Subsequent to the trial, the habeas court concluded: “Given the severity of the injuries sustained by the victim in this case [and] the statements ․ the petitioner made to the police, it is clear that whether or not the petitioner was attempting to discipline the victim, there is no way that one could find this to be ‘reasonable physical force’ as contemplated by ․ § 53a-18. Consequently it is most unlikely that even if requested Judge Shimelman would have given a parental discipline instruction.”
The following legal principles guide our analysis of this claim. “With respect to the prejudice component of the Strickland test, the petitioner must demonstrate that counsel's errors were so serious as to deprive the [petitioner] of a fair trial, a trial whose result is reliable. ․ It is not enough for the [petitioner] to show that the errors had some conceivable effect on the outcome of the proceedings. ․ Rather, [t]he [petitioner] must show that there is a reasonable probability that, but for the counsel's unprofessional errors, the result of the proceeding would have been different. A reasonable probability is a probability sufficient to undermine confidence in the outcome. ․ When a [petitioner] challenges a conviction, the question is whether there is a reasonable probability that, absent the errors, the factfinder would have had a reasonable doubt respecting guilt.” (Internal quotation marks omitted.) Minor v. Commissioner of Correction, 150 Conn. App. 756, 761–62, 92 A.4d 1008, cert. denied, 314 Conn. 903, 99 A.3d 1168 (2014).
General Statutes § 53a-18 provides in relevant part: “The use of physical force upon another person which would otherwise constitute an offense is justifiable and not criminal under any of the following circumstances: (1) A parent, guardian or other person entrusted with the care and supervision of a minor ․ may use reasonable physical force upon such minor ․ when and to the extent that he reasonably believes such to be necessary to maintain discipline or to promote the welfare of such minor ․” We highlight the fact that “[t]he commission to revise the criminal statutes, in drafting our Penal Code, specifically recommended that reasonable be inserted before physical force every time the latter phrase occurred in any justification provision. ․ [A]ny analysis of reasonableness must consider a variety of factors and ․ such an inquiry is case specific. Indeed this court has held that, [i]n determining ․ what is a reasonable punishment, various considerations must be regarded, the nature of the offence, the apparent motive and disposition of the offender, the influence of his example and conduct upon others, and the sex, age, size and strength of the pupil to be punished.” (Citations omitted; internal quotation marks omitted.) State v. Nathan J., 294 Conn. 243, 255–56, 982 A.2d 1067 (2009).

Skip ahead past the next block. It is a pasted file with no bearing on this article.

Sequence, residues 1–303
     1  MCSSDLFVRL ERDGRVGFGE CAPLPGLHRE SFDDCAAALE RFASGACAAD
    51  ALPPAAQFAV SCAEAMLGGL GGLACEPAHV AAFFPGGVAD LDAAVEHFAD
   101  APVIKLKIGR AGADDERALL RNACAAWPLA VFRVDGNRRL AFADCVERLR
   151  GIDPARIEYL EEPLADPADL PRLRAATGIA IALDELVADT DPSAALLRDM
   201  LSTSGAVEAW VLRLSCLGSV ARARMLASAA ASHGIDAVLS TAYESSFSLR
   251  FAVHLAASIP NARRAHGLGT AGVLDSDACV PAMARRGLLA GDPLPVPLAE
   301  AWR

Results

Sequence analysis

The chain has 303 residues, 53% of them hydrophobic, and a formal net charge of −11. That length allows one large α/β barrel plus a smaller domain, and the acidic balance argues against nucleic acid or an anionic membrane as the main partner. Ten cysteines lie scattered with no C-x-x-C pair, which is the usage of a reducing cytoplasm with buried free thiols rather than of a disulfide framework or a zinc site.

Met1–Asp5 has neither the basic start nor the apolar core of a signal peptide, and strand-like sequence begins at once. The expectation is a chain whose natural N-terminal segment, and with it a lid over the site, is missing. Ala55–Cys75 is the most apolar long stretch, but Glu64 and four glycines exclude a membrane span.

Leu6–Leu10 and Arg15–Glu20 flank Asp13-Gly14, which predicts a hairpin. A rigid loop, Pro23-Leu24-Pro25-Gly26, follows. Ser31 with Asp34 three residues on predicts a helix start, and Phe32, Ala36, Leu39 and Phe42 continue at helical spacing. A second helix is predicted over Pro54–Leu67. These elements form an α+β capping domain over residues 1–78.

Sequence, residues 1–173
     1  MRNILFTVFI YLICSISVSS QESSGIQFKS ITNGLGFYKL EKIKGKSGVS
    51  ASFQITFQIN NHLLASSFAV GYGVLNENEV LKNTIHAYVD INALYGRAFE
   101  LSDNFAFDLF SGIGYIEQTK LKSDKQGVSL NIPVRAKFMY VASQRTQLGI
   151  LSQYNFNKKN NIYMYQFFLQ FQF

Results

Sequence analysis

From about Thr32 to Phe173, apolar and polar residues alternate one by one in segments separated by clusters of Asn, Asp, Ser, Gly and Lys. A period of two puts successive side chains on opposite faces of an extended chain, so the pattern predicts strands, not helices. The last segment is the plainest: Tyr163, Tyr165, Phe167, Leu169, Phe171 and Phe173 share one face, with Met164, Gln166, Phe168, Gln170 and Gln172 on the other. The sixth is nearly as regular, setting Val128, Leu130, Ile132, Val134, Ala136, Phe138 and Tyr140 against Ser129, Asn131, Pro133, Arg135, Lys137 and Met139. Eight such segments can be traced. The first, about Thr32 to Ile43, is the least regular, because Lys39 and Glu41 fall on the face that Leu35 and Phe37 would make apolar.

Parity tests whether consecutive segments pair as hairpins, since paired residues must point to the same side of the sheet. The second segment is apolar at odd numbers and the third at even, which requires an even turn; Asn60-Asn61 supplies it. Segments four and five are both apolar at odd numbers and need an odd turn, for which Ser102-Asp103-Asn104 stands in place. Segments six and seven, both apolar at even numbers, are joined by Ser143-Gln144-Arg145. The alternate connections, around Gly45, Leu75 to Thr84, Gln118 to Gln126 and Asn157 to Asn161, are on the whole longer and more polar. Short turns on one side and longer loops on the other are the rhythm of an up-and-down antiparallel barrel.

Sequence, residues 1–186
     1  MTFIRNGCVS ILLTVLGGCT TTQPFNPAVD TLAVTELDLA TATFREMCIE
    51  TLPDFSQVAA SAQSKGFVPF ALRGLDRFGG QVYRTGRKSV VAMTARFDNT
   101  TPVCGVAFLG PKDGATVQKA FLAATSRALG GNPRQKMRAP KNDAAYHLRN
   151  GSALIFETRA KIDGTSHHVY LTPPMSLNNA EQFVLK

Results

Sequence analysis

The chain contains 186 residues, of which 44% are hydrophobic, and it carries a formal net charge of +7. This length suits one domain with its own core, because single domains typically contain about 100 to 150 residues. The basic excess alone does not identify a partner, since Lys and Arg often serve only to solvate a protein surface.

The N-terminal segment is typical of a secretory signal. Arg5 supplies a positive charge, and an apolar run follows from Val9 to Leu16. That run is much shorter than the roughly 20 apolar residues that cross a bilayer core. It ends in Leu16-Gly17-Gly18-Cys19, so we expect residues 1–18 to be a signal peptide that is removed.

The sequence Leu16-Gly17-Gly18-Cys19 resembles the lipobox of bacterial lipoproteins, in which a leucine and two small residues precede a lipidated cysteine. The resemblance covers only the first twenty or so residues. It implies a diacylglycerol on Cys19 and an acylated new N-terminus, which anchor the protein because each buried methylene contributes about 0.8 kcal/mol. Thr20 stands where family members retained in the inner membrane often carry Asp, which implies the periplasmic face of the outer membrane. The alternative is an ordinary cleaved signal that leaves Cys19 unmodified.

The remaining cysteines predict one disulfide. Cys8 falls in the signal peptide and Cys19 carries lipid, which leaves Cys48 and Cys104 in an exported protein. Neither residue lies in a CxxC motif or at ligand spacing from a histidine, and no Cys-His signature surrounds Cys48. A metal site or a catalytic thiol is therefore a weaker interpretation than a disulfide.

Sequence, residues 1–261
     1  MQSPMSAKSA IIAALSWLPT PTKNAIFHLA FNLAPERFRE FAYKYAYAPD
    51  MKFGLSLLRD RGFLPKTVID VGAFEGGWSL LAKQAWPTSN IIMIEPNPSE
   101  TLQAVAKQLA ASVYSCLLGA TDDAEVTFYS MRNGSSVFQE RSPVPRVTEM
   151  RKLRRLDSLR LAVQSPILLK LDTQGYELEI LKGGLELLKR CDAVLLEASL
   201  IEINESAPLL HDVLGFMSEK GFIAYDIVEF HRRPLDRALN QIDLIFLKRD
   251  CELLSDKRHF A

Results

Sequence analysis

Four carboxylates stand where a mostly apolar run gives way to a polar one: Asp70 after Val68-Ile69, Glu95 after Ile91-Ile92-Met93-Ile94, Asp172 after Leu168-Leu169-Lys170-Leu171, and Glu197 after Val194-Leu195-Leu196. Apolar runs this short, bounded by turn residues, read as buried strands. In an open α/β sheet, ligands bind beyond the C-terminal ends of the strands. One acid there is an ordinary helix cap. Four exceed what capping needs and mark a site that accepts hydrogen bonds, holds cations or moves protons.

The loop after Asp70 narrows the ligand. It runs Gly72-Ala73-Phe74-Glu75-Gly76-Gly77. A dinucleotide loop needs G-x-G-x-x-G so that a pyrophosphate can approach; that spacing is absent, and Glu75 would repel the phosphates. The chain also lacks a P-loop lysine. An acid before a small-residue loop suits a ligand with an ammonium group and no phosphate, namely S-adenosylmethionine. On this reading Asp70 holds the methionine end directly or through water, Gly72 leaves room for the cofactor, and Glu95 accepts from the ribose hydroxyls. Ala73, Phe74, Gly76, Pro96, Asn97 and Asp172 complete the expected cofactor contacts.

“[A] justification defense, including the parental justification defense, is an element of a criminal prosecution on which the state bears the burden of proof. ․ The defendant, however, bears the initial burden of producing sufficient evidence to warrant submitting a defense to the jury ․ but may rely on evidence adduced either by himself or by the state to meet this evidentiary threshold. ․ To satisfy this burden, the evidence adduced at trial must be sufficient to raise a reasonable doubt in the mind of a rational juror as to whether the defendant's actions were justified. ․ This burden is slight, however, and may be satisfied if there is any foundation in the evidence [for the defendant's claim], no matter how weak or incredible ․” (Citations omitted; emphasis omitted; internal quotation marks omitted.) Id., 261–62. “[I]n reviewing the trial court's rejection of the defendant's request for a jury charge ․ we ․ adopt the version of the facts most favorable to the defendant [that] the evidence would reasonably support.” (Internal quotation marks omitted.) State v. Bryan, 307 Conn. 823, 836, 60 A.3d 246 (2013).
Turning to the present case, even if we were to assume without deciding that the petitioner's trial counsel performed deficiently in failing to request an instruction on parental justification pursuant to § 53a-18 (1), the petitioner cannot succeed unless he also satisfies the prejudice prong of the Strickland test. Specifically, the petitioner has to show that there is a reasonable probability that the result of the trial would have been different. The habeas court found that there was no reasonable probability that the trial judge would have granted the request for the defense instruction under the evidence produced in this case.
As previously discussed in this opinion, although the petitioner testified to the jury that Alquan suddenly collapsed and died in his hands as the petitioner was about to feed him, two of the other three versions that the petitioner had given to police indicated that the petitioner used physical force in response to what he characterized as Alquan's misbehavior.8 In one of those versions, the petitioner told police that “Alquan had not been listening to him and that he grabbed Alquan, threw him across the room and against the wall two or three times, backhanded him across the chest or face, and manhandled him on the shoulder.” State v. James, supra, 126 Conn. App. 225–26. In the other, the petitioner told police that “Alquan was not eating and that the [petitioner] forced him to eat. When Alquan refused and spit out the food, the [petitioner] threw him on the bed, and Alquan bounced off and hit his head on the floor. He then forcibly pushed down on Alquan's shoulders, and Alquan hit his head on the floor.” Id., 226.